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Ships of the America and Essex Amphibious Ready Groups, and Carrier Strike Group 3, sail in formation with the Japan Maritime Self-Defense Force during exercise Noble Fusion. Left to right: USS Dewey (DDG 105), USS Ashland (LSD 48), JS Kongō (DDG 173), USS Miguel Keith (ESB 5), USS America (LHA 6), USS Mobile Bay (CG 53), USS Abraham Lincoln (CVN 72), USS Spruance (DDG 111), USS Essex (LHD 2), landing crafts, air cushion from Assault Craft Unit (ACU) 5. Noble Fusion demonstrates that Navy and Marine Corps forward-deployed stand-in naval expeditionary forces can rapidly aggregate Marine Expeditionary Unit/Amphibious Ready Group teams at sea, along with a carrier strike group, as well as other joint force elements and allies, in order to conduct lethal sea-denial operations, seize key maritime terrain, guarantee freedom of movement, and create advantage for U.S., partner and allied forces. Naval Expeditionary forces conduct training throughout the year, in the Indo-Pacific, to maintain readiness. - Ships of the America and Essex Amphibious Ready Groups, and Carrier Strike Group 3, sail in formation with the Japan Maritime Self-Defense Force during exercise Noble Fusion. Left to right: USS Dewey (DDG 105), USS Ashland (LSD 48), JS Kongō (DDG 173), USS Miguel Keith (ESB 5), USS America (LHA 6), USS Mobile Bay (CG 53), USS Abraham Lincoln (CVN 72), USS Spruance (DDG 111), USS Essex (LHD 2), landing crafts, air cushion from Assault Craft Unit (ACU) 5. Noble Fusion demonstrates that Navy and Marine Corps forward-deployed stand-in naval expeditionary forces can rapidly aggregate Marine Expeditionary Unit/Amphibious Ready Group teams at sea, along with a carrier strike group, as well as other joint force elements and allies, in order to conduct lethal sea-denial operations, seize key maritime terrain, guarantee freedom of movement, and create advantage for U.S., partner and allied forces. Naval Expeditionary forces conduct training throughout the year, in the Indo-Pacific, to maintain readiness.

Aviation Boatswain’s Mate 3rd Class Shelby Mann, from Udall, Kan., assigned to the forward-deployed amphibious assault ship USS America (LHA 6), signals a CH-47J Chinook helicopter from the Japan Ground Self-Defense Force to take off from the ship’s flight deck during Exercise Noble Fusion, Feb. 6, 2022. Noble Fusion demonstrates that Navy and Marine Corps forward-deployed stand-in naval expeditionary forces can rapidly aggregate Marine Expeditionary Unit/Amphibious Ready Group teams at sea, along with a carrier strike group, as well as other joint force elements and allies, in order to conduct lethal sea-denial operations, seize key maritime terrain, guarantee freedom of movement, and create advantage for U.S., partner and allied forces. Naval Expeditionary forces conduct training throughout the year, in the Indo-Pacific, to maintain readiness. - Aviation Boatswain’s Mate 3rd Class Shelby Mann, from Udall, Kan., assigned to the forward-deployed amphibious assault ship USS America (LHA 6), signals a CH-47J Chinook helicopter from the Japan Ground Self-Defense Force to take off from the ship’s flight deck during Exercise Noble Fusion, Feb. 6, 2022. Noble Fusion demonstrates that Navy and Marine Corps forward-deployed stand-in naval expeditionary forces can rapidly aggregate Marine Expeditionary Unit/Amphibious Ready Group teams at sea, along with a carrier strike group, as well as other joint force elements and allies, in order to conduct lethal sea-denial operations, seize key maritime terrain, guarantee freedom of movement, and create advantage for U.S., partner and allied forces. Naval Expeditionary forces conduct training throughout the year, in the Indo-Pacific, to maintain readiness.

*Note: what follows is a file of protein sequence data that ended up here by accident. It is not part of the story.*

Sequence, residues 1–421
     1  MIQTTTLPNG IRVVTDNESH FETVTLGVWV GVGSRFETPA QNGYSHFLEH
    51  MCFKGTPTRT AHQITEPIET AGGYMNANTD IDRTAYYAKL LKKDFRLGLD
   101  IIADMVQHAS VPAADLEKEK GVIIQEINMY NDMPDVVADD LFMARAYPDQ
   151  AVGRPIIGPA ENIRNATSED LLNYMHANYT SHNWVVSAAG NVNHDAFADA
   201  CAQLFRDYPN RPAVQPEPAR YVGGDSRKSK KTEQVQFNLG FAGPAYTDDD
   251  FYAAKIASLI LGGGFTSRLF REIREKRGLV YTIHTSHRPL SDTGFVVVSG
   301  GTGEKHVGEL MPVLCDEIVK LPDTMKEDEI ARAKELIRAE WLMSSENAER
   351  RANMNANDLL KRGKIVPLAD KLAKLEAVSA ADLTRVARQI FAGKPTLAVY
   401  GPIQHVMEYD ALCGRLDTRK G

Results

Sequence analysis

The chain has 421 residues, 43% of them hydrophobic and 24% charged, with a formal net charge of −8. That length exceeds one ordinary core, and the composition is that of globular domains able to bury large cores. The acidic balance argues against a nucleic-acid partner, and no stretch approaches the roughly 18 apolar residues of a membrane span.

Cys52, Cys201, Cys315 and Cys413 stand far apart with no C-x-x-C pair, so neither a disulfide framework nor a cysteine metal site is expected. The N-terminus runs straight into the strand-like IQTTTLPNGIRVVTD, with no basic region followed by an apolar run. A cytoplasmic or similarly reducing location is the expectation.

Marines with Combined Anti-Armor Team 1 (CAAT), Battalion Landing Team, 2nd Battalion, 4th Marines, 31st Marine Expeditionary Unit (MEU), clean the beach at Kin Blue, Okinawa, Japan, July 25, 2020. At the conclusion of their training, CAAT-1 picked up trash that had washed up on the beach in order to leave the environment better than they found it. The 31st MEU, the Marine Corps’ only continuously forward-deployed MEU, provides a flexible and lethal force ready to perform a wide range of military operations as the premier crisis response force in the Indo-Pacific region. The 31st MEU has implemented strict health protection measures and will continue to conduct mission essential training in support of regional security and stability. (U.S. Marine Corps photo by Lance Cpl. Kolby Leger) - Marines with Combined Anti-Armor Team 1 (CAAT), Battalion Landing Team, 2nd Battalion, 4th Marines, 31st Marine Expeditionary Unit (MEU), clean the beach at Kin Blue, Okinawa, Japan, July 25, 2020. At the conclusion of their training, CAAT-1 picked up trash that had washed up on the beach in order to leave the environment better than they found it. The 31st MEU, the Marine Corps’ only continuously forward-deployed MEU, provides a flexible and lethal force ready to perform a wide range of military operations as the premier crisis response force in the Indo-Pacific region. The 31st MEU has implemented strict health protection measures and will continue to conduct mission essential training in support of regional security and stability. (U.S. Marine Corps photo by Lance Cpl. Kolby Leger)

Marines TV: Golf Company Graduation at MCRD San Diego